According to Rawls, justice is a kind of fairness. Fairness is here means the same kind of fairness as we have when we play games. For example, when you play pictionary with a group of friends, it will not be fair to put all of the good artists on one team. Outcomes of social practices are fair if and only if we agree to the rules before we know whether the rules will benefit us more than they benefit others. A social practice is just an activity that people perform together as a group for mutual benefit. For example, if we play poker with a wild card, we will not choose the wild card based on what cards someones has in his or her hand. We choose the wild card before the cards have been dealt. In other words, we have to choose the terms of society in ignorance of our position of relative advantage (85). Choosing the terms of a social practice without knowledge of how we benefit from those terms is a matter of pure procedural justice.
Fairness in the "basic structure" of society involves two things. First, we must imagine that we are ignorant of our social position, class, gender or race. This is what Rawls calls a "veil of ignorance". Second, we then ask what rules or terms of society we would want (assuming that we don't know where in a social hierarchy we fall). Because we don't know where we fall in the society, we will want to minimize risks about the rules of our society. Rawls thinks we would want to follow the maximin rule, which means that we try to maximize the minimal position. The thought is that you want to provide the best possible worst position. Because it is possible that you will end up in the worst position, you will want that worst position to be as good as possible. Such a society is a fair because the way of choosing rules and terms of society was fair. Each person is represented as "free and equal" because principles of justice were chosen with everyone's interests being treated equally. When we consider the interests of everyone equally from behind this veil of ignorance, this is what Rawls calls the "original position".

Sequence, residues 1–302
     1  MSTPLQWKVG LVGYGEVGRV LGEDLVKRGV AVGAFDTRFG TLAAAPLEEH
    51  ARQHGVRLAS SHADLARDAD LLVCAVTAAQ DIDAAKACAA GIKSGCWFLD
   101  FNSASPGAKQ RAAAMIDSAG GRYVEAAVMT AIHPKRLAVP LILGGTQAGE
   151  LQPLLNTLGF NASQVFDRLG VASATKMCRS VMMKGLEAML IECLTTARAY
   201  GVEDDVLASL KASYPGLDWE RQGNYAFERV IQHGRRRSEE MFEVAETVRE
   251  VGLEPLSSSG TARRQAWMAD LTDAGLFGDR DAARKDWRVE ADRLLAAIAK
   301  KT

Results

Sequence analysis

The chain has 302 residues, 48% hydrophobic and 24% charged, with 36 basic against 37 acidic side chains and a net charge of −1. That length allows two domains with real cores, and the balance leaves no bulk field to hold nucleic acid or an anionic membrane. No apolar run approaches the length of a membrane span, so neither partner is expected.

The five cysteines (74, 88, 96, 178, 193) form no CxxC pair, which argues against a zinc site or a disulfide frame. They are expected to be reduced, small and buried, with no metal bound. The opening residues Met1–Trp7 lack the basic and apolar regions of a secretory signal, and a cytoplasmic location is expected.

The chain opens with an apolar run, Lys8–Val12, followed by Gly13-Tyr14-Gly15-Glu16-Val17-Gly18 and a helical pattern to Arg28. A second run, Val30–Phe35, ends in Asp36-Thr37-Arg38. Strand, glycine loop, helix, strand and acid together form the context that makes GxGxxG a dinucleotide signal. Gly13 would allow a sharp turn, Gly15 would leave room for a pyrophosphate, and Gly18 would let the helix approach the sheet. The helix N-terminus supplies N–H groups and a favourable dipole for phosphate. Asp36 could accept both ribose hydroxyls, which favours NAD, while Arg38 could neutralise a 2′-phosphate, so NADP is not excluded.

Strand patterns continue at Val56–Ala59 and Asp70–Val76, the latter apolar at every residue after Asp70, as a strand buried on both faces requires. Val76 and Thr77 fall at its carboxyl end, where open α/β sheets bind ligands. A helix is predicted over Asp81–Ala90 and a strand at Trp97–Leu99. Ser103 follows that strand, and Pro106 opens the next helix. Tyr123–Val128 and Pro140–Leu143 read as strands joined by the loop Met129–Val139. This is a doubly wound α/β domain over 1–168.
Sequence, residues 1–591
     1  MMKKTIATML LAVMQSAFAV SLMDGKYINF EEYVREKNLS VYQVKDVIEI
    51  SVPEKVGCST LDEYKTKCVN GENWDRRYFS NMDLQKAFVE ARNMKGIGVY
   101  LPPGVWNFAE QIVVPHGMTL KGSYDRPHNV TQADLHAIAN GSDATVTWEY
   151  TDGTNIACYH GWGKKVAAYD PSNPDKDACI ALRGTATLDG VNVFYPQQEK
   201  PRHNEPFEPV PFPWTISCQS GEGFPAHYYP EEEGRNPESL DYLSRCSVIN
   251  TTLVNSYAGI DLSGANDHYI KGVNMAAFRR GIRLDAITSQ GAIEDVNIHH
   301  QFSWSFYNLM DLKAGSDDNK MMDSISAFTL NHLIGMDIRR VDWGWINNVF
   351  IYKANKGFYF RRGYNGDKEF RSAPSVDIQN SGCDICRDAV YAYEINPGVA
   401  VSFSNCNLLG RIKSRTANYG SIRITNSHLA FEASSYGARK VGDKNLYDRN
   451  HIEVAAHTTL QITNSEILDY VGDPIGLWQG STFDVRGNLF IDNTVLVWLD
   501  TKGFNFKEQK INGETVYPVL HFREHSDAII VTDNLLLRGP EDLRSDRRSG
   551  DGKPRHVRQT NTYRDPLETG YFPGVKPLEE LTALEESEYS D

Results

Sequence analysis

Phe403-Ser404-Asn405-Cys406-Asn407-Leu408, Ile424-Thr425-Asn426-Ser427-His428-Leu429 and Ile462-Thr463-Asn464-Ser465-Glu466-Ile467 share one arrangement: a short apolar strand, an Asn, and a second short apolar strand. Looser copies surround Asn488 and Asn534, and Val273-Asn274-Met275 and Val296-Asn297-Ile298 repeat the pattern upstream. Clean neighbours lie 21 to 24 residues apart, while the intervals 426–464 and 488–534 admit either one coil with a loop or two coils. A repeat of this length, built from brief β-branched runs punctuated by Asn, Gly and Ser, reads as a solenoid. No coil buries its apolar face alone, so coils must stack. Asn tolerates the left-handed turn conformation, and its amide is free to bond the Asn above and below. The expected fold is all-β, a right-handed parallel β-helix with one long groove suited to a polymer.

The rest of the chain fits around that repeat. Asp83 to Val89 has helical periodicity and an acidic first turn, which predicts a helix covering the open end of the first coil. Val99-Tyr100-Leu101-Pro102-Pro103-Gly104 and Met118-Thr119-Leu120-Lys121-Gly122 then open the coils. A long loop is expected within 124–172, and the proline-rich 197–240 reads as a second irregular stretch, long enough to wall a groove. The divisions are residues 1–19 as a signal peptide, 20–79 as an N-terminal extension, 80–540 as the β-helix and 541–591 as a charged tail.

Now that we know how we can choose principles for a just society, we have to consider what principles we actually would choose when behind a veil of ignorance.
Rawls thinks that we would not accept utilitarianism. Utilitarianism is the view that we should maximize collective welfare. In other words, utilitarians Rawls thinks that utilitarianism will be rejected because it allows individuals to be sacrificed for the benefit of the majority. For example, some people might lose freedom and liberty by being enslaved by other members of the society. So long as slavery creates maximum pleasures for the most people, it can be justified by a utilitarian principle. Another problem is that there is no limit to inequality in a society. As long as the majority of people are happy and doing well, it will not matter if a few people are stuck with extreme poverty. As long as the overall welfare is improved, a few individuals can be destitute or enslaved. Because utilitarianism allows for the sacrifice of individuals for the benefit of the majority, Rawls does not think that we will accept utilitarian principles when behind a veil of ignorance.